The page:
Boredom Getting In The Way Of Making A Coding Breakthrough?
In advance of our November 16 online lecture with Poornima Vijayashanker of Femgineer, we are reposting this fascinating article that originally appeared on her blog. Enjoy, and please join us on November 16 at 4pm EST for “A Techie's Guide to Public Speaking, Interviewing, & Making Moves to Level Up Your Career” – RSVP right […]
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In advance of our November 16 online lecture with Poornima Vijayashanker of Femgineer, we are reposting this fascinating article that originally appeared on her blog. Enjoy, and please join us on November 16 at 4pm EST for “A Techie's Guide to Public Speaking, Interviewing, & Making Moves to Level Up Your Career” – RSVP right here. Take it away, Poornima!
I often have bouts where I feel like I’m doing the same thing over and over again—giving the same talk, revising a landing page, debugging an issue, or just performing a necessary routine of daily tasks.When the results are the same, the breakthroughs seem unlikely, and after I’ve used up my reserves of patience, boredom kicks in and it just feels like the work I do is drudgery.I know I’m not the only one. Jason Cohen recently wrote on his A Smart Bear blog that “invention is drudgery.” It might feel like we’re the only ones who go through it, and, as a result, we’re tempted to quit. The truth is everyone goes through drudgery. The reason we don’t realize that everyone goes through it is because, as Cohen says, we “skipped to the last page of other peoples’ book.”Ultimately, what separates those who experience the breakthrough moments from those who give up early is the ability to learn how to embrace the drudgery and manage it. Here are four ways I’ve learned to do just that:
1. Recruit help
It’s easy to give up when you’re alone because, after all, who is going to know?! But that’s when it’s time to enlist help from others. Even just the act of talking through a tricky coding problem with someone else can often trigger a solution.I can’t tell you the countless number of times I’ve figured out a solution to a tough programming bug the moment after I explained the problem to someone else.Help comes in many forms: it can come from teammates, mentors, and—my personal favorite—beginners who haven’t been bogged down by the problem and can offer a unique perspective.
2. Look at it through a fresh pair of eyes
This is often hard to do when you’ve been staring down your computer terminal for hours, weeks, or months. So the key is to step away and take a real break, even if it’s a short one. My personal favorites are going for a run or hitting the yoga mat. If it’s a longer-term problem, taking a couple days away or a real vacation always helps revive my brain so I can better debug a program or tackle that seemingly impossible bit of code when I return.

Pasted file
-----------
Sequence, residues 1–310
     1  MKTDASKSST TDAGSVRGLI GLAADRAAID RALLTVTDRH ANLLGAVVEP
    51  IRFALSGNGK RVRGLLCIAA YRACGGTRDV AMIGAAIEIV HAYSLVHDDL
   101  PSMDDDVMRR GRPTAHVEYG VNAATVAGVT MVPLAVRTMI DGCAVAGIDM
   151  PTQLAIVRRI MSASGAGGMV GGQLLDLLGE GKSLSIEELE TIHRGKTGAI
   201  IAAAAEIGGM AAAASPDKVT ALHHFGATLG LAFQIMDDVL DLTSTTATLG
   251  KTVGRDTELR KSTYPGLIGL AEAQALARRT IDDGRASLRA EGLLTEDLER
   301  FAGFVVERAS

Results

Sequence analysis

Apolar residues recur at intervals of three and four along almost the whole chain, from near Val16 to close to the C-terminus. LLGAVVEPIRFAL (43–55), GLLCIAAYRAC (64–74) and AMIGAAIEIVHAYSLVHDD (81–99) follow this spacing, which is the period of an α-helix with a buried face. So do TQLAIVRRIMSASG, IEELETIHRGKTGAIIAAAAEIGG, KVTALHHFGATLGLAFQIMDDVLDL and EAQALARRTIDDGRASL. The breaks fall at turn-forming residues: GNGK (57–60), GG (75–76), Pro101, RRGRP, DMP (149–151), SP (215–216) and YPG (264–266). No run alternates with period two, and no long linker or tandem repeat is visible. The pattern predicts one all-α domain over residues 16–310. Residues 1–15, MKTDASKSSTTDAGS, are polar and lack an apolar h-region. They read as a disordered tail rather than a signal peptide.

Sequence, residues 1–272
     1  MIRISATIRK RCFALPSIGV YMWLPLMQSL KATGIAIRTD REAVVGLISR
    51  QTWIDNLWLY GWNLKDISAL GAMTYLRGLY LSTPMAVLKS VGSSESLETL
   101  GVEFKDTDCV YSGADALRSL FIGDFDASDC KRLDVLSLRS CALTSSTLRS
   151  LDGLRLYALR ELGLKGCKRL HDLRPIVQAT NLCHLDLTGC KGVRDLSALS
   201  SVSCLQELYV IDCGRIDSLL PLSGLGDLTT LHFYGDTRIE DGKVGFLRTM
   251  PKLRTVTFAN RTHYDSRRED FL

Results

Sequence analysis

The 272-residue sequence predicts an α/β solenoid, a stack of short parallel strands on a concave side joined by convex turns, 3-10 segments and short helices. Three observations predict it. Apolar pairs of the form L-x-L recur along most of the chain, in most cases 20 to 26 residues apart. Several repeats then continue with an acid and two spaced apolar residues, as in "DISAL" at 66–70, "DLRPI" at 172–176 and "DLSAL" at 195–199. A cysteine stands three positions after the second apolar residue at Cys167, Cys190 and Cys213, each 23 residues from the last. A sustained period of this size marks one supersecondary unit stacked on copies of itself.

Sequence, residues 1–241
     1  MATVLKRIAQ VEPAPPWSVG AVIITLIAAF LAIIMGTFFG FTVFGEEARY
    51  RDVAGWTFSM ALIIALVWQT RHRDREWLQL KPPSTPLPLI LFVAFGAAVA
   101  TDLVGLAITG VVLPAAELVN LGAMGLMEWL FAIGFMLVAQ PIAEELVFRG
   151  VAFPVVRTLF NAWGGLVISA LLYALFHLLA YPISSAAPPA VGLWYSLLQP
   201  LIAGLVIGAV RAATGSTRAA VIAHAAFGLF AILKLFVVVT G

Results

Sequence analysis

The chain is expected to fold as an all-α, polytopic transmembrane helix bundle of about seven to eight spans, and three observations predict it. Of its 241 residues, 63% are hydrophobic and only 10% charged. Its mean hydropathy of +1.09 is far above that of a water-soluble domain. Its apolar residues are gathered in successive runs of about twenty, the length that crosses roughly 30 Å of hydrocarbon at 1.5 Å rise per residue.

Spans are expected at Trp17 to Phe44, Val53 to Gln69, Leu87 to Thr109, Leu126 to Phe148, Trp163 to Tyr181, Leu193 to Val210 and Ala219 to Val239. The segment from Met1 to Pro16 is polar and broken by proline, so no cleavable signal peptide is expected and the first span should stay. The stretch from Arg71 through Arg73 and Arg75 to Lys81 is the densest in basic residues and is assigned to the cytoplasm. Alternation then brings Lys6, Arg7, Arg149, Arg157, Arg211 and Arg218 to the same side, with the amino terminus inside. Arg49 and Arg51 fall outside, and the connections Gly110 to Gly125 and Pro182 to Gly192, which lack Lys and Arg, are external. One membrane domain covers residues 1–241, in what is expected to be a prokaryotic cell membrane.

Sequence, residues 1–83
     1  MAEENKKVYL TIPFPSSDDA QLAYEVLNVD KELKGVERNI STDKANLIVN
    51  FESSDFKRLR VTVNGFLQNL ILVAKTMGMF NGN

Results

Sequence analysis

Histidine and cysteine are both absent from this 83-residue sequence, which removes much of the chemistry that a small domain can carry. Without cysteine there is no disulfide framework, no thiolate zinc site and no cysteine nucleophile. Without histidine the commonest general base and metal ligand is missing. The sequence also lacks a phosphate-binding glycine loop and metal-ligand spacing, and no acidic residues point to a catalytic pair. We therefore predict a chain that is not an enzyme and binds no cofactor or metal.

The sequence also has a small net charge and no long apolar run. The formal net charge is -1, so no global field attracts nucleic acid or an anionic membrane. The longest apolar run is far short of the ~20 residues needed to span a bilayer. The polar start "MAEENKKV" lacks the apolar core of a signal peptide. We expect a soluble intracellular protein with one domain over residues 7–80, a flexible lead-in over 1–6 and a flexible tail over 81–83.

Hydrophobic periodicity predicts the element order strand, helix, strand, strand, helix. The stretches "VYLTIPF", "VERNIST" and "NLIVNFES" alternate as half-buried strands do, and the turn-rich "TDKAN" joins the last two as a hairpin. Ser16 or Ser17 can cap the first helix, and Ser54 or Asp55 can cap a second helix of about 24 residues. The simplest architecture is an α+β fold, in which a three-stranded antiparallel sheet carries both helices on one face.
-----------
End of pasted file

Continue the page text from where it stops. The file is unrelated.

Poornima Vijayashanker of Femgineer
3. Engage in another activity outside of the field your problem is in
This is known as combinatory play, and Einstein was a keen practitioner of it.If you have the urge to be productive, have an active mind, and can’t get yourself to take a break, try pursuing an activity that is going to engage your brain.My personal favorite way to do this is to study a foreign language—it stimulates a completely different part of my brain than what I use for my technical or business work.
4. Gamify the boring tasks
Sometimes you just have to get through the drudgery, but that doesn’t mean you can’t make it fun!For rote tasks, I gamify them by imposing a speed test on myself to see how quickly I can get them done. This also prevents me from wasting time and becoming even more bored.I know some people like to give themselves rewards after performing tasks, but only once they’ve hit a streak. For example, coders who can maintain putting in 5 or 6 hours a day to their project might treat themselves to a massage or other present after hitting that week or month milestone.I’ve seen other programmers enlist friends in a similar states of drudgery and wager friendly competitions to see who can finish their project first.The key to gamifying your work is to figure out what you’re motivated by: is it rewards, entertainment, or competition?
We all want to achieve coding breakthroughs, but it’s impossible to predict when those will happen. Without fail, our brains tire out and tempt us to quit. But to reach those breakthrough moments, we have to learn how to motivate ourselves and continue pushing forward through boredom and fatigue. So embrace the drudgery—your next programming breakthrough may be just around the corner. Be sure to RSVP for our upcoming webinar with Poornima of Femgineer: A Techie’s Guide to Public Speaking, Interviewing, & Making Moves to Level Up Your Career. It’s November 16 at 4pm EST._
Posted by Flatiron School / November 11, 2016
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